• CNA offers comprehensive compensation and benefits packages to eligible employees including a 401k plan, healthcare and insurance benefits, health savings and flexible spending accounts, paid time off and certain family assistance programs, including paid family leave, flexible work arrangements and adoption assistance plans. The company also offers stock-based compensation to certain management personnel as a way to attract and retain key talent.

  • CNA offers benefits that seek to support the overall wellbeing of its employees, including physical, mental, financial and social health. In 2021, it deployed a multitude of new benefits with an emphasis on wellbeing. These enhancements included the introduction of a new holistic wellbeing incentive program that provides tools and resources to help employees and their families achieve their overall wellbeing goals. CNA also continues to provide access to a variety of mental health resources, such as employee assistance programs and programming focused on stress management and resilience.

    The health and safety of its employees and the communities it serves are also a focus at CNA. In March 2020, CNA pivoted to a remote working environment for nearly all of its employees in response to the COVID-19 pandemic. As pandemic conditions persisted in 2021, remote working broadly remained in place while all of its offices were open for employee use throughout 2021 with enhanced safety protocols. CNA sought to provide its employees the opportunity to contribute productively and grow and develop, while also managing their physical and mental health.

ENTERPRISE RISK MANAGEMENT

  • SASB: FN-IN-550a.3

    CNA has a formalized risk governance structure that starts with the Board of Directors and cascades to underlying company committees, business units, and ultimately all employees. CNA promotes a strong risk management culture and the belief that effective risk management is the responsibility of all of its employees. Risk governance at CNA is integrated in a “Three Lines of Defense” approach for managing and mitigating risks.

    CNA has an Enterprise Risk Committee (“ERC”) that is chaired by the Chief Reinsurance and Risk Officer and meets quarterly. Membership includes senior executives from all relevant business and functional areas (e.g., Specialty, Commercial, Actuarial and Finance).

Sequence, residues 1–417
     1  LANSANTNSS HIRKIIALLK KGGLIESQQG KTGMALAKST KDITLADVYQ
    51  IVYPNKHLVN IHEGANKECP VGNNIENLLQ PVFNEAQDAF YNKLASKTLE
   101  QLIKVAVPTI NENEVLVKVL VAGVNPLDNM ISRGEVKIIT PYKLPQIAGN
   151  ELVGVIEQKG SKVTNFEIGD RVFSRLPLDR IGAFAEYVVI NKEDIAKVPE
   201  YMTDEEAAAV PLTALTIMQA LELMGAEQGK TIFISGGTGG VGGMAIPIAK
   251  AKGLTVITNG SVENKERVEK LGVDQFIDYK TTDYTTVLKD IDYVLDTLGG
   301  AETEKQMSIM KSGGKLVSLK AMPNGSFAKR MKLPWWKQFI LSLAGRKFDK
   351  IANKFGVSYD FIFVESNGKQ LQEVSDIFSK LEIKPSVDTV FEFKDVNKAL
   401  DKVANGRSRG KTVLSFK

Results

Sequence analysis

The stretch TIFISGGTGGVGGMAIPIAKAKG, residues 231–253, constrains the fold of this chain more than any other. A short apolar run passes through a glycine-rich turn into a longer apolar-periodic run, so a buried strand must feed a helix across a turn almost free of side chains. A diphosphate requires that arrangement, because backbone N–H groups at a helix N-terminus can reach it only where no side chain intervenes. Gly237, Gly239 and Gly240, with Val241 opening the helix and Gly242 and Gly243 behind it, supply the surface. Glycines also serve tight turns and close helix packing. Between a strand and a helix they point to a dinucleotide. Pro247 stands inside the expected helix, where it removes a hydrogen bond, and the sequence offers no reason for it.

The ERC is responsible for the oversight of the risk management framework of CNA on an enterprise-wide basis. Such oversight responsibilities include:

    • Identifying, quantifying and prioritizing risks viewed as being significantly material
    • Ensuring appropriate risk controls and monitoring are in place
    • Escalating key risk issues and ensuring appropriate actions are taken
    • Identifying emerging risks and ensuring appropriate actions are taken to mitigate or capitalize on opportunities

     

    At the ERC’s quarterly meetings, risk owners are expected to provide updates on their key risks and controls, as well as updates on Key Risk Indicators (“KRIs”). These updates form the basis of the Enterprise Risk Management (“ERM”) function’s quarterly Enterprise Risk Report. This quarterly report incorporates the following information:

    • The current status of KRIs against indicated thresholds / limits, as appropriate
    • Commentary on risks including, but not limited to:
      • Drivers of amber or red risk indicators and breaches
      • Control weaknesses or failures identified, and corresponding remediation plans to address issues
      • Other critical information deemed appropriate by risk owners
    • Updates on transformation and change management initiatives impacting enterprise risk

     

    The Chief Reinsurance and Risk Officer also reports quarterly to the Audit Committee of the Board of Directors. The report reflects the content and updates from the ERC and, specifically, may include:

    • The status of strategic ERM efforts that influence the risk management framework and related capabilities
    • An update including any changes to CNA’s risk profile and exposures
    • The current status of board-level KRI’s against established thresholds / limits
    • Key risks impacting the enterprise including any new or changing emerging risks
    • Status of ORSA reporting / efforts

    These committees meet regularly to monitor and develop mitigation plans for risks relating to investments, international operations and emerging hazards, among other significant risks.

     

  • SASB: FN-IN-450a.3 & FN-IN-550a.3

    ESG risks are considered and discussed through a variety of forums and escalated within the ERM Governance framework as appropriate. Examples of these forums include emerging risks discussions, risk and control assessments within the business and further considerations around climate change impacts to catastrophe risks.

    CNA's capital management approach focuses on preserving a level of capital that enables the company to execute on its strategic and financial plans, fulfill financial obligations and maintain desired financial ratings under both normal and stressed conditions. In order to manage its capital position, CNA conducts monthly stress testing on the investment portfolio to ensure that it is comfortable with the volatility of its market exposures with systemic non-insurance activities.